VOD film review: Last Girl Standing
Matthew Turner | On 29, Feb 2016Reading time: 3 mins
Director: Benjamin R. Moody
Cast: Akasha Villalobos, Danielle Evon Ploeger, Brian Villalobos
Certificate: 18 (tbc)
Watch Last Girl Standing online in the UK: iTunes / Prime Video (Buy/Rent) / TalkTalk TV / Sky Store / Rakuten TV / Google Play
Written and directed by Benjamin R.Moody, this engaging indie horror takes an intriguing look at what happens to the last person left alive after the end of a typical slasher movie. It’s a clever idea, executed with an attention to character that lifts it above the usual horror fare.
Akasha Villalobos (who bears a notable resemblance to Shelley Duvall) stars as Camryn, a young woman who’s left traumatised, after surviving an attack by a masked killer named The Hunter, in which all her friends were murdered. Five years later, Camryn keeps herself to herself, holding down a day job in a dry-cleaners and barely speaking to anyone, but her protective shell begins to crack when she meets kind 20-something Nick (Brian Villalobos), who introduces her to his circle of arty friends.
However, Camryn remains tormented by her ordeal and becomes convinced that The Hunter is back from the dead and means to take her new friends as revenge for his death at her hands (as seen in the opening five minutes). Needless to say, Nick’s friends think Camryn is going insane, but help is at hand in the form of Nick’s sympathetic roommate, Danielle (Ploeger), who attempts to help Camryn work through her trauma, even if that means assisting in a spot of late-night grave-digging.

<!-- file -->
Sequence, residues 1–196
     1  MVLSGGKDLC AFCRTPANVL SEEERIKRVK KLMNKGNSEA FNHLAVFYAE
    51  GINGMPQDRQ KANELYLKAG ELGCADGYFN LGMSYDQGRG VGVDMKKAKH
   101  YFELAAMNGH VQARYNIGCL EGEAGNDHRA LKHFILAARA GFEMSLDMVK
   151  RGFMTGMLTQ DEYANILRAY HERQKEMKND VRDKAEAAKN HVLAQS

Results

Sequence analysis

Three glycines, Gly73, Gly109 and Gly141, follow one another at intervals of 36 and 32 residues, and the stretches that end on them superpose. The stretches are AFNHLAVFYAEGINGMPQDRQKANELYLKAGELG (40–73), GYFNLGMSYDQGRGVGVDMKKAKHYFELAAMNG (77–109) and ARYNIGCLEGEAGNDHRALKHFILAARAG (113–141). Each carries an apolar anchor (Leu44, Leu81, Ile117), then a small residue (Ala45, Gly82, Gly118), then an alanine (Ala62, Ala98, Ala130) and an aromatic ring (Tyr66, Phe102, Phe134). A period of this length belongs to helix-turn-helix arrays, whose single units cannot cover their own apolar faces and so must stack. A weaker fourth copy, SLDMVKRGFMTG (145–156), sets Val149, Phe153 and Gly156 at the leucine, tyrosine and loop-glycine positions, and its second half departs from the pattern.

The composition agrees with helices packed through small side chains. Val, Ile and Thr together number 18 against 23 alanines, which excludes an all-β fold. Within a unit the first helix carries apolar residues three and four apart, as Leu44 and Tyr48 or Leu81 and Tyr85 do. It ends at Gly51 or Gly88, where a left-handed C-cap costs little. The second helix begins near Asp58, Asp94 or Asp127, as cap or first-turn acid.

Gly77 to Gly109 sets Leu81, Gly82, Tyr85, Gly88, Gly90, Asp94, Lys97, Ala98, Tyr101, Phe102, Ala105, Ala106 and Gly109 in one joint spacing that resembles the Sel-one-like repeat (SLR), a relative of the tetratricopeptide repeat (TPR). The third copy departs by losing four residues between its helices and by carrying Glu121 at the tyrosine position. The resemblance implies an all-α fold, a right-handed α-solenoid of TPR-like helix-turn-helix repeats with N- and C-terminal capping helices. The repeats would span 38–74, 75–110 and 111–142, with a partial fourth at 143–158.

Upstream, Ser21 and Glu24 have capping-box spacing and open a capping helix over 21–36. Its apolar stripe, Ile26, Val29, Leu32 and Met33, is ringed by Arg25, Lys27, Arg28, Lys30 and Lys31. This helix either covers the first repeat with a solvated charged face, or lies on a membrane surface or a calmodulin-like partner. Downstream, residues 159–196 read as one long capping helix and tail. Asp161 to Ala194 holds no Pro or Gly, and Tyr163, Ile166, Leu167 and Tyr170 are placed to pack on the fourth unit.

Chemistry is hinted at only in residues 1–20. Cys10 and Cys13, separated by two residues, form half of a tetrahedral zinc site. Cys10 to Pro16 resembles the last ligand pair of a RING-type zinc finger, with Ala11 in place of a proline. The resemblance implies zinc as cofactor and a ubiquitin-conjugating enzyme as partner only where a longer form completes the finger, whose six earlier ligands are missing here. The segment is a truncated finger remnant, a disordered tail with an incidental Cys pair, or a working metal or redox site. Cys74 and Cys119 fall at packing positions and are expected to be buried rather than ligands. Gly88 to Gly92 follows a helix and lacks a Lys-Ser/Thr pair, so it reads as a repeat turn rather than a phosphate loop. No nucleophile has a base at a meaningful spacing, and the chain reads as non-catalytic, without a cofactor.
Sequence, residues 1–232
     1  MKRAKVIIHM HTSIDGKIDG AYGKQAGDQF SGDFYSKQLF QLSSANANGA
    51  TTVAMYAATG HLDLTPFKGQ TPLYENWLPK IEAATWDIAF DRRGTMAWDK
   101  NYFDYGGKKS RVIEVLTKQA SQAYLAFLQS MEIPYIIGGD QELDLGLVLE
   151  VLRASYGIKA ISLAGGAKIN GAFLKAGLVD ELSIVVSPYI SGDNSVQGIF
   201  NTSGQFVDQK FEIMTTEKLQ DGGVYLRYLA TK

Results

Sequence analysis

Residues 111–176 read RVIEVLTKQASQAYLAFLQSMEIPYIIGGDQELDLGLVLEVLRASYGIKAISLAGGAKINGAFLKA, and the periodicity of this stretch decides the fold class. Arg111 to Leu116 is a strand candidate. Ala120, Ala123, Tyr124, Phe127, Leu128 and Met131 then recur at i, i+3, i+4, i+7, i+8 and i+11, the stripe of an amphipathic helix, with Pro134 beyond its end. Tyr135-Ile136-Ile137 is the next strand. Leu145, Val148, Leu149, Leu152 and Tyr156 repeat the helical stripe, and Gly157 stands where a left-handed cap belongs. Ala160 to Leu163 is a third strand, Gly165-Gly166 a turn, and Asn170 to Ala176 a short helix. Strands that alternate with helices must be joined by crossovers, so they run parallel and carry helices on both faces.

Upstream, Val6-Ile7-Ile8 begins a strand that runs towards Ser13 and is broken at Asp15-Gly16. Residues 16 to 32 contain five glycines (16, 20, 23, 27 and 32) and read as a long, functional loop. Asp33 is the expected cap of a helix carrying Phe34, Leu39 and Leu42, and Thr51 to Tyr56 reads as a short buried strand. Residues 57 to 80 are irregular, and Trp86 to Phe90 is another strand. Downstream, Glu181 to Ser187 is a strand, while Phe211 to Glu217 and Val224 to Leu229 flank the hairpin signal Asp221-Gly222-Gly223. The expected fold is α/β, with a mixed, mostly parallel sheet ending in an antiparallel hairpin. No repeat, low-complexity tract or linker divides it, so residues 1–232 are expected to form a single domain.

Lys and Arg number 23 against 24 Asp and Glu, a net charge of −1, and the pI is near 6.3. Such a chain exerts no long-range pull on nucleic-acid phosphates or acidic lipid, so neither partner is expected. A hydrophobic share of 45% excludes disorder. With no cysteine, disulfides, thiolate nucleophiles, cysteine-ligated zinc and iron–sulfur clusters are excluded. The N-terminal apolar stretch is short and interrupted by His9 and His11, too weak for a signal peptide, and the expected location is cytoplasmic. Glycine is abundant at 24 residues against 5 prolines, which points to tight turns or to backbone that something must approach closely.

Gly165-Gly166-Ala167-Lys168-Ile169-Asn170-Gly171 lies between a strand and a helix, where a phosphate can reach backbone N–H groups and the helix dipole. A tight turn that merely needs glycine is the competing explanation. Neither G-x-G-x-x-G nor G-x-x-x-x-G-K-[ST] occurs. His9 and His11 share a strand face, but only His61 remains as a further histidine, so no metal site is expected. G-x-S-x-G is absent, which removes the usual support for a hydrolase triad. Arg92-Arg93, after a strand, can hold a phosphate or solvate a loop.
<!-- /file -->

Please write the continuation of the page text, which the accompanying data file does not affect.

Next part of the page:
Akasha Villalobos is superb as Camryn, portraying her with believable skittishness and heart-breaking vulnerability, as well as conveying a touching note of hope, as she begins to respond to the kindness of her new friends. The supporting cast are equally good, particularly Brian Villalobos as Nick and Danielle Evon Ploeger, who both deliver likeable, thoughtful performances.
Moody’s direction is assured throughout, particularly in his use of natural-sounding dialogue, which gives the film the feel of a mumblecore movie and makes the characters feel a lot more rounded than the usual slasher movie caricatures. Similarly, the film delivers nicely on its premise, raising some interesting ideas about PTSD and the imagined care that might be available to someone in Camryn’s position – in a nice touch, she tells Danielle she was offered “counselling and a shit-load of drugs”, which leads to a scene in which they bond over anti-depressants and personal tragedy.
On top of that, Moody handles the various hallucination sequences nicely, delivering some decent shock moments before events take the expected turn for the worse later on. This is heightened by Travis Jones’ impressively polished cinematography, which goes a long way towards disguising the presumably low budget, as well as some simple, but nicely executed, gore effects.
Last Girl Standing’s success lies in the director’s skilful blending of both the horror elements and the indie drama sensibility – oh, go on then, let’s call it mumblegore – resulting in an entertaining and refreshingly empathetic film that marks its writer-director out as a definite talent to watch.
Last Girl Standing is one of the new wave of films released on VOD through Icon and FrightFest’s digital banner, FrightFest Presents. For more information on the other titles available, click here – or keep up to speed with our FrightFest Presents Month.